One thing that's noticeable from the get-go is that the new guitarist's styles are a little bit more refined. More melody, more technicality, but still keeping true with that Necrophagia sound. "Blaspheme the Body" starts the album out on a more brutal note with blackened sinister riffs, thrashy drums, and the voice of KIlljoy. "Upon Frayed Lips of Silence," however, is the first highlight on the album. This decrepit, groovy number instills that sense of catchiness for which Necrophagia was always known. This song is pure filth, the riffs ooze with decay. Though this isn't the most keyboard-centered Necrophagia release, this is the album that begins the process of adding more keyboards and synths to their sound. The subtle and spacey synths of Mirai Kawashima act as a juxtaposition to the rotting hymns of the band itself, which I give major praise to.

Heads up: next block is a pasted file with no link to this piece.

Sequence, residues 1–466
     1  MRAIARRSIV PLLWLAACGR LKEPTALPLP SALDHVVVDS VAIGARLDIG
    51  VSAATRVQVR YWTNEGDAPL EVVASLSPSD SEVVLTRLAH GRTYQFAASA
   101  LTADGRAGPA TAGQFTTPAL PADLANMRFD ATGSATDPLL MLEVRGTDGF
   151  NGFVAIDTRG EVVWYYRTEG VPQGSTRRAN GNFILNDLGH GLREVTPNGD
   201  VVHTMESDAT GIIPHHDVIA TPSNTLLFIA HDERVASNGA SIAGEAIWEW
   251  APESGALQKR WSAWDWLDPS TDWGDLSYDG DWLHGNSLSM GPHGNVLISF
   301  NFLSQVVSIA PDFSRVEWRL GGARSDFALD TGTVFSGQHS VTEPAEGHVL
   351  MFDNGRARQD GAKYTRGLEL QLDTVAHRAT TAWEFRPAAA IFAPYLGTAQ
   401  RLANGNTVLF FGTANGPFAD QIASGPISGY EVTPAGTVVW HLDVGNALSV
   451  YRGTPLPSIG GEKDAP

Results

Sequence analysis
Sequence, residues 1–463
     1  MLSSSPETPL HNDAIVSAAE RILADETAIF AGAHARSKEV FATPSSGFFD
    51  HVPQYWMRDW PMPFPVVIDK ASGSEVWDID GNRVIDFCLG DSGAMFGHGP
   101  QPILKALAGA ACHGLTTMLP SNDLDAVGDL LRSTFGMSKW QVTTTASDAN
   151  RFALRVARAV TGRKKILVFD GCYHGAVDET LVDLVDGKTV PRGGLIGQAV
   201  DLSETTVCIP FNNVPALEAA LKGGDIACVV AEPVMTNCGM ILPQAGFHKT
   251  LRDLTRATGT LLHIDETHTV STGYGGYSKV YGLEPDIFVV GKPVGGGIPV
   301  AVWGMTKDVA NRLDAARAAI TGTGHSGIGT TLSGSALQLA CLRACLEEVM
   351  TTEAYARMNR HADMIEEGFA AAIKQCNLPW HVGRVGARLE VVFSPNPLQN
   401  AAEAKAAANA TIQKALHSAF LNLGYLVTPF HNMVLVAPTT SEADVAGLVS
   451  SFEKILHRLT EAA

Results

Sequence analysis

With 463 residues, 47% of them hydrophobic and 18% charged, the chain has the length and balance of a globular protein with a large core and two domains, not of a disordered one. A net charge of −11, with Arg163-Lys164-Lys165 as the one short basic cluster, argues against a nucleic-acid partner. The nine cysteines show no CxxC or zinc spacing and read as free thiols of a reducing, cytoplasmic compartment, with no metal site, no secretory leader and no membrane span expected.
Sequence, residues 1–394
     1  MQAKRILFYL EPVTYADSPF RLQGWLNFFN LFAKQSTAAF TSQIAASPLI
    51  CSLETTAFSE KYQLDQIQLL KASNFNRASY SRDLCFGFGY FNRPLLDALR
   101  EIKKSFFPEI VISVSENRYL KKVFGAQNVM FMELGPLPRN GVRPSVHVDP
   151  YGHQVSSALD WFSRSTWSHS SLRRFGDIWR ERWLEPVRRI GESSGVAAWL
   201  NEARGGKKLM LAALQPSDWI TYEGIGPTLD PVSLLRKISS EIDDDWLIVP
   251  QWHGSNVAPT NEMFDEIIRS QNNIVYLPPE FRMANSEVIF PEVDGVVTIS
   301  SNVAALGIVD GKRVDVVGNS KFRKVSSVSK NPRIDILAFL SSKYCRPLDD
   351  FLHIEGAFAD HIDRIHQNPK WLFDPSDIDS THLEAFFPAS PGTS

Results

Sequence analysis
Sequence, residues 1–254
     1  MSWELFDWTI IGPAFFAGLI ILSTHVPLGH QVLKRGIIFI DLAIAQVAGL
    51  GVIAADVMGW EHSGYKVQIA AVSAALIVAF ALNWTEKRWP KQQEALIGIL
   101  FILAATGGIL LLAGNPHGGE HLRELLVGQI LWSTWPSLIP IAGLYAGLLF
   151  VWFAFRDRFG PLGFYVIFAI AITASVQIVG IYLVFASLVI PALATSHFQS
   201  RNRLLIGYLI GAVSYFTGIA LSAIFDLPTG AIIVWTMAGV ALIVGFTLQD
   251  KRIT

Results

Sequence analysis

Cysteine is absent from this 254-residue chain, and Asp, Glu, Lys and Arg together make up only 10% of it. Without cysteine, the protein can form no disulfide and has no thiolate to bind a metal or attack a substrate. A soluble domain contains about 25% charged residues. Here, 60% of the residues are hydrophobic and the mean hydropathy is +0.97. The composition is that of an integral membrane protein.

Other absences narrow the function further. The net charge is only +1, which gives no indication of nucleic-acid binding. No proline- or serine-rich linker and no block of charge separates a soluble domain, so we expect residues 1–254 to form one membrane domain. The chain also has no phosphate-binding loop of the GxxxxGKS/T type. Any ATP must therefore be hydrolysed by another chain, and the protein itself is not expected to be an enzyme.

Village stalwart Izzy is stepping up the retrospective game, and will henceforth deliver a fresh one every Friday! Make sure to check in weekly for a dose of nostalgia. - Ed.
Written by: Izzy
Have you ever wondered what John Zorn sodomizing a saxophone at a Godflesh concert would sound like? Well, if so, firstly let me say you have excellent taste, and secondly, I think it would sound a hell of a lot like God’s 1992 cult classic Possession.
For the shamefully uninitiated, God are a strange and short lived band formed in 1987 with an expansive list of semi-notable underground musicians that have occupied its roster. They employed a rather bizarre and grotesque blend of industrial metal, avant-garde jazz, and noise rock, resulting in an aberrant creation I truly feel no reservations in calling one of a kind. A frenzied and insane concoction of influences, Possession is an album that, if released today into the musical landscape of streaming and accessibility, would no doubt in my mind be hailed as a masterpiece.